Finance

Islamic finance is (almost) close to sustainable finance

For Scott Levy of Bedford Row Capital, ESG jargon is the main obstacle to the financing of sustainable projects by Islamic investors.

How to get Islamic finance investors to invest in energy transition projects? How to get Western investors to fund ESG projects in Shariah countries? Both issues are familiar to Bedford Row Capital, a London boutique dedicated to structuring Sharia-compliant debt products. The answer involves simplifying the language to improve understanding between these two worlds. The stakes are high: not only because Islamic investors are at the head of immense liquidity but also because many SME holders of sustainable projects cannot find financing. Explanations with Scott Levy CEO of Bedford Row Capital.

“Islamic countries are promoting projects at the forefront of the energy transition.”

Many projects, environmental ones in particular, could be financed in both Islamic and Western countries if investors in Islamic finance and traditional finance spoke the same language. What’s at stake?

There is indeed a whole range of projects which require 100 to 200 million dollars of financing and do not find an answer with the large investment banks. Why? Because the latter, due to regulatory constraints relating to their balance sheet, no longer come into play below 500 million dollars. Not to mention that they only look at files that concern classic, “plain vanilla” projects. Today, there are few players who offer real alternatives to commercial paper and other old-school approaches to financing sustainable projects. Bedford Row Capital is one of them, because we are convinced that both Islamic finance and conventional finance have a lot of cash that they want to invest in the most sustainable way possible in an inflationary context. There are many projects waiting for investors, both on the side of Islamic and Western economies.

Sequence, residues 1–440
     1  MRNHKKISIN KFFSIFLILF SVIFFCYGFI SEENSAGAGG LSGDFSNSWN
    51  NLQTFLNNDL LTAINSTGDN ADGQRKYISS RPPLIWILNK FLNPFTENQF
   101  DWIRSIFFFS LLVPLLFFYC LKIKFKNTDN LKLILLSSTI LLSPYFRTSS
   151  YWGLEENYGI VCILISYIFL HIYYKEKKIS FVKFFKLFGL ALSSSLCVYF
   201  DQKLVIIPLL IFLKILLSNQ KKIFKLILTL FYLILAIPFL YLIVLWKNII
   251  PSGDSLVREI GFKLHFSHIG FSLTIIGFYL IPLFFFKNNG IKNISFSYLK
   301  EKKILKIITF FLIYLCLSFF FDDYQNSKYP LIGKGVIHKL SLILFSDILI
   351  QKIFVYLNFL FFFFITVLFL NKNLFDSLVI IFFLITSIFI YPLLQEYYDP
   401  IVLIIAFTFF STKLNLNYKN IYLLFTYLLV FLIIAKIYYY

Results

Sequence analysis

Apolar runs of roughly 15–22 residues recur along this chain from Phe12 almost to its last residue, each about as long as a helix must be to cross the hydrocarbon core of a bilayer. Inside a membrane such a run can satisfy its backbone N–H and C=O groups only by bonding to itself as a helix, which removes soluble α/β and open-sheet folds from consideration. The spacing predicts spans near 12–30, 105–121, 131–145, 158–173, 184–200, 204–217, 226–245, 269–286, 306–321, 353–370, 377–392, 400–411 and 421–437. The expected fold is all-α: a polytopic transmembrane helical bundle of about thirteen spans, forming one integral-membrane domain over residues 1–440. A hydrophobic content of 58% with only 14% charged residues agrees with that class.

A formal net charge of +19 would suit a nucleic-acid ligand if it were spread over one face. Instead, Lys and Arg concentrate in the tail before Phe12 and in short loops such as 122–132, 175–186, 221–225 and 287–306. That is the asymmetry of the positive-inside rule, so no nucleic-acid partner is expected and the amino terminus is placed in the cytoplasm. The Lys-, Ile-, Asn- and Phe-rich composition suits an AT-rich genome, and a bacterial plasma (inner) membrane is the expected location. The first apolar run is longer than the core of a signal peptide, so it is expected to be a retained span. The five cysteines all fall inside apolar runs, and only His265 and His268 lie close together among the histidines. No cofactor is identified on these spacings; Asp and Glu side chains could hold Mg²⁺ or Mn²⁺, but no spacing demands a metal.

What types of projects are we talking about?

The projects that I can talk about because we help to implement and finance them concern all areas of sustainable finance. Environmental first and foremost. Islamic countries are promoting cutting-edge energy transition projects. We have thus supported a project in Jordan aimed at securing the extraction of copper and other essential metals for the manufacture of batteries used in the context of the energy transition. We have also helped Islamic investors finance crucial Mexican copper companies in this industry. In other words, it works both ways. The social field also holds the attention of sovereign funds of Islamic finance: Malaysia, the largest issuer in number and volume of green bonds, and Indonesia, generously finance infrastructure and social housing in London. Even the Gulf countries (GCC), which are reluctant to lend money to regional players, come out of their reserve when it comes to financing sustainable infrastructure in London, Paris or Zurich.

What hinders today the commitment of Islamic finance in sustainable projects in the West and that of traditional finance in sustainable projects in Islamic lands? Sharia?